I recently read a post called No code reviews by default, by a startup called Raycast1. In summary, code reviews are optional and the team deploys nightly internal releases so that the changes introduced can be tested (or used) by the team themselves, because they all run this nightly build locally. They're eating their own dogfood.
This works well in small, agile teams. It reminds me somewhat of Extreme Programming (XP)2 and also of the common practice of bypassing code review by pairing on a feature with a team mate. From the perspective of a young startup with only a handful of engineers working in the same physical space, there's a lot you can communicate face-to-face that might otherwise be more difficult to co-ordinate in a larger organisation.
So, there's nothing inherently wrong about taking this approach. In a world where everything is a trade-off or an optimisation, they're optimising for delivery rather than correctness. After all, there won't be much value in correctness if a startup uses six months of runway to build something right instead of figuring out the right thing to build.
With that out of the way, let's talk about trust.
This post rationalises its decision to Not Do Code Reviews By Default not in terms of priorities, but essentially in the bond that the team members create between each other. To quote the article:
Pull requests discourage trust.
Proposing every code change that somebody else has to approve doesn't feel encouraging for teams that should operate with a high degree of trust. There are more efficient ways to collaborate on code.
I wholeheartedly challenge this notion that code review (or peer review as you might call it) discourages trust, or the implication that teams that do require code review don't operate with a high degree of trust. I believe that if you find yourself in a position where code review genuinely does discourage trust, then it's not a problem related to reviewing code but a problem of mindset. This might be your individual mindset, which is easier to change, or one that has grown to become a cultural mindset within the team or organisation, which is harder to change.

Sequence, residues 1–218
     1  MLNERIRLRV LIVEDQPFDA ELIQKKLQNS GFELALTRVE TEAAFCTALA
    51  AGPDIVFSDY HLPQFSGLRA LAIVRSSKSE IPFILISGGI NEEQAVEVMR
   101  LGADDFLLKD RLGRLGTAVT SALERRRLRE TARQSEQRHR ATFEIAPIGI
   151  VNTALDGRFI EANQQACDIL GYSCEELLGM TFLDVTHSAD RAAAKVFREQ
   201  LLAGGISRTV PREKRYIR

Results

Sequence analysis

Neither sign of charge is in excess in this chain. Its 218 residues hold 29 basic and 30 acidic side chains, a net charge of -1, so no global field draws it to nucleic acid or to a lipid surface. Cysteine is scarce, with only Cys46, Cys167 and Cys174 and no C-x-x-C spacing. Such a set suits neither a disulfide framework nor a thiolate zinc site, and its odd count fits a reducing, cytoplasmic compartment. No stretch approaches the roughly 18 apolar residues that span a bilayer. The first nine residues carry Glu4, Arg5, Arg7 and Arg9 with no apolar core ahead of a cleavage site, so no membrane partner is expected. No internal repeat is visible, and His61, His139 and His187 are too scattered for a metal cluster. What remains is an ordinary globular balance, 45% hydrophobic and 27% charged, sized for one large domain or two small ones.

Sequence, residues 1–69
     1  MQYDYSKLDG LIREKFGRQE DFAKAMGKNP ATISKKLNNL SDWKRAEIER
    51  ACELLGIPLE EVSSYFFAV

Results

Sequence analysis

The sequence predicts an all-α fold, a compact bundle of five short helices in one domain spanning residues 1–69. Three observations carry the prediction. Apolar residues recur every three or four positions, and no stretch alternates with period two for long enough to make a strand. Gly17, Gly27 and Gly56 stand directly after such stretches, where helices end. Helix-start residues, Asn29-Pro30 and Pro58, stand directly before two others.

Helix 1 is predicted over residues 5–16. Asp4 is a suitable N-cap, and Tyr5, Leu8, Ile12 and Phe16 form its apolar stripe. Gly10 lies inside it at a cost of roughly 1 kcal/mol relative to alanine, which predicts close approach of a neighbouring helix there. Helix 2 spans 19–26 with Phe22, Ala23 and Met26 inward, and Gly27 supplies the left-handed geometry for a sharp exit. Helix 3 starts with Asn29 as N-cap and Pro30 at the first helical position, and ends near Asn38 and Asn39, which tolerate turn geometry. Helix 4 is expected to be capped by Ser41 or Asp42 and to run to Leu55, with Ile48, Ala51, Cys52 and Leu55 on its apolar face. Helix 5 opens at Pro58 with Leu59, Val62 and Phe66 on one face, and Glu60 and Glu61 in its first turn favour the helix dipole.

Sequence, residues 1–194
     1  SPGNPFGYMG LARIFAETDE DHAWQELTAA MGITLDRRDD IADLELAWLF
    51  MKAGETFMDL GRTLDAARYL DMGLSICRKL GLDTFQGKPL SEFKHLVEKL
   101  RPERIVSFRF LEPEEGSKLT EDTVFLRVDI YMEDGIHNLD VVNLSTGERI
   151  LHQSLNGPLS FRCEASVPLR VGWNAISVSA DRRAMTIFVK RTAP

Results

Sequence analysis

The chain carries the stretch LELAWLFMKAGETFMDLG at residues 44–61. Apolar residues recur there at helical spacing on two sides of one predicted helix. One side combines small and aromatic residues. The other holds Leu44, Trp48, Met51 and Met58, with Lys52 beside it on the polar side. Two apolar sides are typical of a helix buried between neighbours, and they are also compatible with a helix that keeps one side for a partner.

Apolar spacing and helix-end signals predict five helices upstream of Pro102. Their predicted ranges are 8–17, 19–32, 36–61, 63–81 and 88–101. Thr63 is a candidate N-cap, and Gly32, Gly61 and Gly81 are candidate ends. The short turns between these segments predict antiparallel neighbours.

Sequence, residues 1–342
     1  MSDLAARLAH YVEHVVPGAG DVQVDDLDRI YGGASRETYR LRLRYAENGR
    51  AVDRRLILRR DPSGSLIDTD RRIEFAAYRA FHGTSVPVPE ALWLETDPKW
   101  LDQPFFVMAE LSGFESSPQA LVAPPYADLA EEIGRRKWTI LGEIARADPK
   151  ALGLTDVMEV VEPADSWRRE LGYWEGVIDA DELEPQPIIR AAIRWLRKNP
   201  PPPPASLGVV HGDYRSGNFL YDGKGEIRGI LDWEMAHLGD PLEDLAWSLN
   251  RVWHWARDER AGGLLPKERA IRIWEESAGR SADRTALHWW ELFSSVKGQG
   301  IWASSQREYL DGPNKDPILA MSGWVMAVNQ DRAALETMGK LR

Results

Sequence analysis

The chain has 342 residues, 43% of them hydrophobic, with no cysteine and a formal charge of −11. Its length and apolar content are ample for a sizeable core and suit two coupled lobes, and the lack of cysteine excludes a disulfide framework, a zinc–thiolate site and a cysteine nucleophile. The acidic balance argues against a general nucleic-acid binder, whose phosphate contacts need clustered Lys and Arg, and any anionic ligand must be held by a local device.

The purpose of a code review, from both my perspective and my experience, is not to second-guess or critique a colleague's work. There isn't an inherent characteristic of a code review that one should feel threatened by such that it's seen as not-trusting. As a matter of fact, I hope that a team would trust each other implicitly and operate on a basis of assuming good intentions–that we and our colleagues are doing the best with what we have at the time. In that sense, code reviews don't discourage trust but instead encourage empathy, as they also allow you to understand how your teammates consider a problem and approach a solution.
So, what exactly are code reviews, required or not? Code reviews are a process a team can use to share knowledge and to collaborate in an asynchronous manner–and I think the author of the Raycast post admits as much when claiming that there are more efficient ways to do this, which I'll address a bit further on. They provide a tighter feedback loop between engineers on a team so changes can be iterated on before entering a wider feedback loop at another stage of the delivery cycle.
For example, based on my understanding of the Raycast post, it could take over a day for an engineer to receive feedback on a change they made because they would first have to wait for a nightly release to happen. A code review or a QA review could surface this feedback in a much shorter timeframe; we're talking hours or even minutes.
The various other benefits of code review really depend on how effective they are, I think, and that also makes it a question of what else you want to get out of them. I don't really want to get into why code reviews are good or bad though, as it's besides the point and there's no one way to do them well. Suffice to say, though, that code reviews that discourage trust are indicative of a more fundamental problem and if you find yourself in that environment, you ought to identify those underlying causes and find a way to address them.
In a nutshell, you get out what you put in. And now is a good time to segue into bottlenecks.
If you've read The Phoenix Project3, you might remember a chapter with some messianic figure that guides the main character around a factory and describes the different stages of the manufactoring process. Work items are pushed onto and pulled from a production line, but at some stage the backlog is growing exponentially and boxes are stacking up. Work is arriving at that stage more quickly than it can be processed and moved on, so it's all backing up. The people working at earlier points in the production line aren't aware of this as they are happilly churning through their own backlogs; it all seems optimal to them. The people working at later points are under the impression that the entire thing is a shitshow that is falling apart at the seams, because all they see is the blockage behind them and the occasional work item slipping through.